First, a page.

Posted on 10/09/18

Focus on: Mental Health

If you’re a man in Britain, the most likely cause of death before the age of 50 isn’t a car crash or a heart attack. It isn’t cancer, or terrorism, or a drug overdose. It’s yourself.

If you’re a man in Britain, the most likely cause of death before the age of 50 isn’t a car crash or a heart attack.  It isn’t cancer, or terrorism, or a drug overdose.  It’s yourself.

75% of all suicides in Britain are male, and if you work in construction, you’re at higher risk than most.

The male suicide epidemic is being discussed more widely than ever; the Duke of Cambridge, Rio Ferdinand, Professor Green, Stormzy, and a whole host of other celebrities and public figures are talking openly about their experiences with mental health problems and stimulating one of the most important discussions of this decade.

So what is the male suicide epidemic?

Research shows that men and women suffer with mental health disorders at a fairly equal rate – in fact, depression appears to affect more women than men according to statistics.  So why are so many young men committing suicide?

The answer could lie in our own social expectations of men and women.  ‘Toxic masculinity’ and the idea of the ‘alpha male’ have long been thought to contribute to the culture of men staying quiet about their mental health.  Men are statistically less likely to visit a doctor, and far less likely to talk about their emotions to friends and family.  Although depression appears to affect more women than men, we have no idea whether there is a physiological reason behind this, or whether fewer men are receiving the diagnosis in the first place.  Combine this with a culture of telling men to just ‘man up and get on with it’ and you’ve got a recipe for disaster.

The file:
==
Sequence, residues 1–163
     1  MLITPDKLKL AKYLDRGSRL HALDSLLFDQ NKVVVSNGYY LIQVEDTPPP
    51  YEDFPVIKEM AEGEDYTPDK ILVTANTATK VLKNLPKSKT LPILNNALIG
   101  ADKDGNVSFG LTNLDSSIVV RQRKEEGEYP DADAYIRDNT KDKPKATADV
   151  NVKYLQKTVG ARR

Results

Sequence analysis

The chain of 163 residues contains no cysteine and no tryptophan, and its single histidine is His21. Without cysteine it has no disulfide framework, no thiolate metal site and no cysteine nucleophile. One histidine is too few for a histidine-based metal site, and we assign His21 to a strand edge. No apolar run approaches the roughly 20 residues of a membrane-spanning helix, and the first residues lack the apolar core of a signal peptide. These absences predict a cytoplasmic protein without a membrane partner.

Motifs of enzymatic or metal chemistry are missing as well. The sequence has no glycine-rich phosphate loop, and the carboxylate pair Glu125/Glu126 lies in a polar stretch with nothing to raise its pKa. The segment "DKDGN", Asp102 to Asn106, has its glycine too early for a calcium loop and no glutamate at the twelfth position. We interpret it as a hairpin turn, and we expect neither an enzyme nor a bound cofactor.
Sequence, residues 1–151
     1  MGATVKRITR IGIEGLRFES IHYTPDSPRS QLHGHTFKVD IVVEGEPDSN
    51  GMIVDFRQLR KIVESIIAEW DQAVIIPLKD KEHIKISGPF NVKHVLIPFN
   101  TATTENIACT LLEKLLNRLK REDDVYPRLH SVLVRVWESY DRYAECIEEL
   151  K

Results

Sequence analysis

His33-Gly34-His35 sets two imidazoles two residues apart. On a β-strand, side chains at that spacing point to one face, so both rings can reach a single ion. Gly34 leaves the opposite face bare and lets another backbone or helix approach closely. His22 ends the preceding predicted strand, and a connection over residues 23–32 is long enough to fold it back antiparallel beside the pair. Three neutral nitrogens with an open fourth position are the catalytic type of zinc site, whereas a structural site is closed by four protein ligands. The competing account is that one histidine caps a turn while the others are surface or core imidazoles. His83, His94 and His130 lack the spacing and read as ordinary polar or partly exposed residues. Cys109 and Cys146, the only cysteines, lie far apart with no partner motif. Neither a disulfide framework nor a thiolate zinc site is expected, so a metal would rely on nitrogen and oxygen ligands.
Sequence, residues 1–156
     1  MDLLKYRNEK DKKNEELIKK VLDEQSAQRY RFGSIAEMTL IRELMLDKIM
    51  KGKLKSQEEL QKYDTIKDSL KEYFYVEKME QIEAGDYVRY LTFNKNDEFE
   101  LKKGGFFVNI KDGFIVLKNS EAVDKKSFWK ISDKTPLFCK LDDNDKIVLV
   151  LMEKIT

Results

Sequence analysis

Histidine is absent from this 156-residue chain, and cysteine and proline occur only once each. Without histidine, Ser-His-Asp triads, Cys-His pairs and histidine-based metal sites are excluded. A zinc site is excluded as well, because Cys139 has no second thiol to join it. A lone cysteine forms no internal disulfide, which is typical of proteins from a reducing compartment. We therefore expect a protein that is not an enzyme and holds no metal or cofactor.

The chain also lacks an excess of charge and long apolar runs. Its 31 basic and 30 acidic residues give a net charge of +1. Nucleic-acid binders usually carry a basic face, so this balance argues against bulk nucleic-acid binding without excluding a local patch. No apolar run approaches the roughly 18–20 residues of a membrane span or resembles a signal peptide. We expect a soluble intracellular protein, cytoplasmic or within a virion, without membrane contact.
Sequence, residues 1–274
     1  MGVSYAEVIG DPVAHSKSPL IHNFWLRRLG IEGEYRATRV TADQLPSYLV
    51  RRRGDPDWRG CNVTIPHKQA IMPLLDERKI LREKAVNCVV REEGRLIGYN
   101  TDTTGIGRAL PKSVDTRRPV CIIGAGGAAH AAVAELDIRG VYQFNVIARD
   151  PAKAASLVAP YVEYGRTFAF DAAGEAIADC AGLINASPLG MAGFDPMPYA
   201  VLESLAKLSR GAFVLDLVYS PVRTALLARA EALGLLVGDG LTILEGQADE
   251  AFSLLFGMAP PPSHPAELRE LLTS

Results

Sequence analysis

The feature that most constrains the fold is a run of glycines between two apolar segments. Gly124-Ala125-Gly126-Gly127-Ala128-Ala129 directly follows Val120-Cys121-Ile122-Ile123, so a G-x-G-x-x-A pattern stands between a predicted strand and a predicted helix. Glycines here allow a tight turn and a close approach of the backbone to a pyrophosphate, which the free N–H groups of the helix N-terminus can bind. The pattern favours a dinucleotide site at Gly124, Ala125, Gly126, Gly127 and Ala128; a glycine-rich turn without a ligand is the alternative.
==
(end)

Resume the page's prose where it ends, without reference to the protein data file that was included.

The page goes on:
Mental health in construction

We already know that men are at higher risk of committing suicide than women, but if you’re a man working in construction, that risk becomes higher still.  In 2017, the Office for National Statistics reported that the risk of suicide among low-skilled labourers was 3 times higher than the national average.  For males working in skilled trades, the highest risk was among building finishing trades with more than double the risk of the national average.

Long hours, often working away from home, and threats to job security are all factors that could be contributing to these statistics, as well as the stereotype of the ‘manly man’ working in construction.

How do we fix the problem?

There is no simple solution to this epidemic.  Changes in the way we perceive gender roles, as well as improvements to the availability of mental health resources, are desperately needed to prevent more young men from suffering in silence.

One thing we can all do is talk more openly about mental health.  Awareness and understanding are key to removing the stigma that surrounds mental health and suicide.  Knowing what resources and support are available is essential for young people, and luckily there are now dozens of dedicated websites and charities that encourage awareness and provide helplines and other support networks.

In 2017, Walker Construction launched its first mental health initiative, combining awareness posters with toolbox talks, training programmes, and a free, confidential counselling programme with an independent, accredited counsellor available to all staff and their immediate families.

We all work better when we’re happy, looked after, and supported at work; working together to increase awareness and provide support for employees is one big step in the right direction.


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